Putting the Damper on Damping-off

Melanie Mathieson

Wednesday, Apr 8, 2020
When starting seeds indoors, you must be concerned with a disease called damping-off as it can quickly turn your young seedlings into a complete crop failure almost overnight, setting your gardening schedule back by weeks.

Damping-off can be caused by any one of the many types of soil fungus. Pre-emergence damping-off occurs when the sprouted seeds rot in the soil, shortly after they germinate. The seedling never emerges from the soil and the gardener doesn’t know what happened and just chocks it up to poor seed quality.

Post-emergence damping-off occurs either as the seedlings emerge or shortly after they emerge from the soil and show signs of wilt or a rot-infested spot on the stem. The seedling then wilts, collapses and quickly dies because the fungus has girdled the stem with infection, preventing the seedlings from being able to draw the required nutrients and water it needs to grow. Damping-off can affect almost any seedlings but is most common with lettuce varieties, spinach, beans and other vine plants (cucumber, squash, etc.) cabbage, eggplant, peppers, tomatoes, onions, corn, beets, carrots and flowers like petunias and snapdragons.

Using a high quality sterilized soil or soil-less mix is one of the best ways to prevent damping-off as well as using seed that has been treated with a fungicide. If the seed has been treated it will be indicated on the seed package and the seed will have a coloured coating on it which is very poisonous.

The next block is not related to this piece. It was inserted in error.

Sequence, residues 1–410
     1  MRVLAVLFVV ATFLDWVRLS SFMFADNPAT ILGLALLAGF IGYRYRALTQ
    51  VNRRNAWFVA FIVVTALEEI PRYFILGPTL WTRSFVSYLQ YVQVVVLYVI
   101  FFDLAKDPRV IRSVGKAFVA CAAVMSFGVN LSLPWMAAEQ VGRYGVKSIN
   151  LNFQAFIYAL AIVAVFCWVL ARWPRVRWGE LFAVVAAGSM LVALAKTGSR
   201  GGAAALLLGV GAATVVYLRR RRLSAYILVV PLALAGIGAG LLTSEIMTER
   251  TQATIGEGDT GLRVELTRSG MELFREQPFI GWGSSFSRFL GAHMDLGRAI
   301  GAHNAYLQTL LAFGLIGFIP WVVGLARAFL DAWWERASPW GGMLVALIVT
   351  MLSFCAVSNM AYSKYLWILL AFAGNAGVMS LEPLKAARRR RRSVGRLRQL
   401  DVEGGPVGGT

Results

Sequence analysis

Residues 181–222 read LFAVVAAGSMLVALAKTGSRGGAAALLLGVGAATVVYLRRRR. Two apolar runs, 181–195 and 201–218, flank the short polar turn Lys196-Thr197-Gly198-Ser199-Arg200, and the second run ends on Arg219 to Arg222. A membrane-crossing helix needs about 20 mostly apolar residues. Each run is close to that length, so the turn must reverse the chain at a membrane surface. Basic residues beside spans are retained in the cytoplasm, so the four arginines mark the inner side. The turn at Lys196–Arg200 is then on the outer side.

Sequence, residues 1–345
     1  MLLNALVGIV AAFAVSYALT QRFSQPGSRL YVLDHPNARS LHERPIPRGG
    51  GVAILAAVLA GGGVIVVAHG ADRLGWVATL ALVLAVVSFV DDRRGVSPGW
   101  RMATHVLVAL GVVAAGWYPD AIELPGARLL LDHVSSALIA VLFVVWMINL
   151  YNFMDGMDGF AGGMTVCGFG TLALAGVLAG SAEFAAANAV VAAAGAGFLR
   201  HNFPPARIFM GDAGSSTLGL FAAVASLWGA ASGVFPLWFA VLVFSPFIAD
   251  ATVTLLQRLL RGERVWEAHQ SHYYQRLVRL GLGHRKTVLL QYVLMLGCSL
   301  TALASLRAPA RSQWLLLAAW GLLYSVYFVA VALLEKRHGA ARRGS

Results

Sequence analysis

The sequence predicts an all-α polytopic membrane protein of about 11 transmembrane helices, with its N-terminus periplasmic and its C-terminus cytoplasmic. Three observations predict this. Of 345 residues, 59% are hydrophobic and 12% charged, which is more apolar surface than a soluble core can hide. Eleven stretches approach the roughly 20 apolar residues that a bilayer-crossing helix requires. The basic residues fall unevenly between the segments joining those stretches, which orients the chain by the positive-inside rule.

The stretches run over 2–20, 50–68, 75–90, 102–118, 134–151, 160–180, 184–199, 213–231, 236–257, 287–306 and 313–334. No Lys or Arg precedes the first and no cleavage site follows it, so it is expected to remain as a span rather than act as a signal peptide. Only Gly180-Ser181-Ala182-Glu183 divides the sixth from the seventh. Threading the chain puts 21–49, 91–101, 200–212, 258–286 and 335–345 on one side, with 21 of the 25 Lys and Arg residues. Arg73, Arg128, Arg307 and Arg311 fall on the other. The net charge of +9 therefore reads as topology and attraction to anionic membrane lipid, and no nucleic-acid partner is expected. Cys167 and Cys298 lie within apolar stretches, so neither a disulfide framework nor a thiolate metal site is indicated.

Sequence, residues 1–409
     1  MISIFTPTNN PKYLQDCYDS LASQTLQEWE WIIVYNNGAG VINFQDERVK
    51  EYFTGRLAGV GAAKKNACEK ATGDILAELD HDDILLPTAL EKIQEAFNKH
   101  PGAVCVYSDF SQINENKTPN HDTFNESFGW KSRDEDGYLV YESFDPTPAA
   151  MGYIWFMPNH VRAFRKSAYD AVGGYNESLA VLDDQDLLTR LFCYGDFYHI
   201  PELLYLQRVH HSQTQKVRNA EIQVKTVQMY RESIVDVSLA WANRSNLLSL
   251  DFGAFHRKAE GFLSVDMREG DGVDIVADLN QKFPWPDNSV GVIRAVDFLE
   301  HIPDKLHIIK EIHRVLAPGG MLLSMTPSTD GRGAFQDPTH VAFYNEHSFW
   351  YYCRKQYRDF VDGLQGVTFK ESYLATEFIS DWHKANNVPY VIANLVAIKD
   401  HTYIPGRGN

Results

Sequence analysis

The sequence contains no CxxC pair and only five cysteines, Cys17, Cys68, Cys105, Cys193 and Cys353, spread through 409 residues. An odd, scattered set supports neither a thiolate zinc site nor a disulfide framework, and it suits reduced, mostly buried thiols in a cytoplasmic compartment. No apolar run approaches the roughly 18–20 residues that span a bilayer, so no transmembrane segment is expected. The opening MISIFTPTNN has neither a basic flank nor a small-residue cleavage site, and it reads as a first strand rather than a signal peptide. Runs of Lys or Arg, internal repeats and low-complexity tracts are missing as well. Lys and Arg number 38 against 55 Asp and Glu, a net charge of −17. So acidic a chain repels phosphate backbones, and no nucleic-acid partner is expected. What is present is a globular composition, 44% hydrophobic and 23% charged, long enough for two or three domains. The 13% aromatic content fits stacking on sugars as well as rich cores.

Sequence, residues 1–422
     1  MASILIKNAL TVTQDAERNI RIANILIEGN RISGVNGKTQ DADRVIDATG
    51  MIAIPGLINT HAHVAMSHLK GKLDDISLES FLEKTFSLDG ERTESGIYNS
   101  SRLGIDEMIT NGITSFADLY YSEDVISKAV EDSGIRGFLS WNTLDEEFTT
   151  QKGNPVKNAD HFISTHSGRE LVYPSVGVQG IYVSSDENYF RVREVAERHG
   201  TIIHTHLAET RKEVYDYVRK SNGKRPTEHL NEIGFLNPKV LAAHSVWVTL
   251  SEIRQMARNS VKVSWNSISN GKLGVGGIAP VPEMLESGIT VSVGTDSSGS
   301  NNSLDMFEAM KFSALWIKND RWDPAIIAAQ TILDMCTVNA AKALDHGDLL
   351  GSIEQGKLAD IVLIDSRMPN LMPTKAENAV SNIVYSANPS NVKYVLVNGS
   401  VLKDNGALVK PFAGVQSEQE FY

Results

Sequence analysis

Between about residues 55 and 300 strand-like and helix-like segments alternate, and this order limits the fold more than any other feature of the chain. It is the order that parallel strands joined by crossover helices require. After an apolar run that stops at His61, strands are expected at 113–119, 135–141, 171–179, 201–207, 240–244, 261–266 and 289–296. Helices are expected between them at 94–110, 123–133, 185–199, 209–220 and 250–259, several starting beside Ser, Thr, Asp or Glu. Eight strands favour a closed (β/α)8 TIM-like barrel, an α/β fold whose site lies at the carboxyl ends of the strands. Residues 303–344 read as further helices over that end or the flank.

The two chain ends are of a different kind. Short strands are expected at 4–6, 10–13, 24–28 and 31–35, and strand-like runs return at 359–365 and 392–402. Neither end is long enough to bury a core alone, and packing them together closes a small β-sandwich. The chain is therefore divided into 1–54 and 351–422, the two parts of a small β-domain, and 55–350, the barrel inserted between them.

Make sure all of your pots, planting trays and containers are clean and sanitized if being reused, by using a bleach solution (60 milliliters of bleach per four litres of warm water). Use only plump, healthy and crack-free seed. Do not over water or fertilize the seedlings excessively, especially when they are first emerging from the seed and soil. Adding water to the bottom of the tray or a fine sprinkling of watering on the surface can help you control the amount of water added. Also, don’t let the condensation get too thick on the clear cover of the planting tray or container. If you see mould or an over abundance of condensation developing, remove the cover and wipe dry before replacing.

Make sure seedlings receive adequate light, good air circulation and are never overcrowded. Seedlings that receive too much heat or light can grow quickly and become leggy, while not enough light makes a pale and weak seedling, making the seedling more susceptible to damping-off. You can improve air circulation by using a fan on low near the seedlings. Just don’t put the fan so close that you create a strong wind for fragile seedlings.

Now that you understand what damping-off is and how it can be prevented, you can certainly proceed with confidence and get those seedlings started. I may have even solved the mysteries of some of your past crop failures. Now you won’t have to let damping-off put a damper on your gardening experience.

Melanie Mathieson – Gardening Guru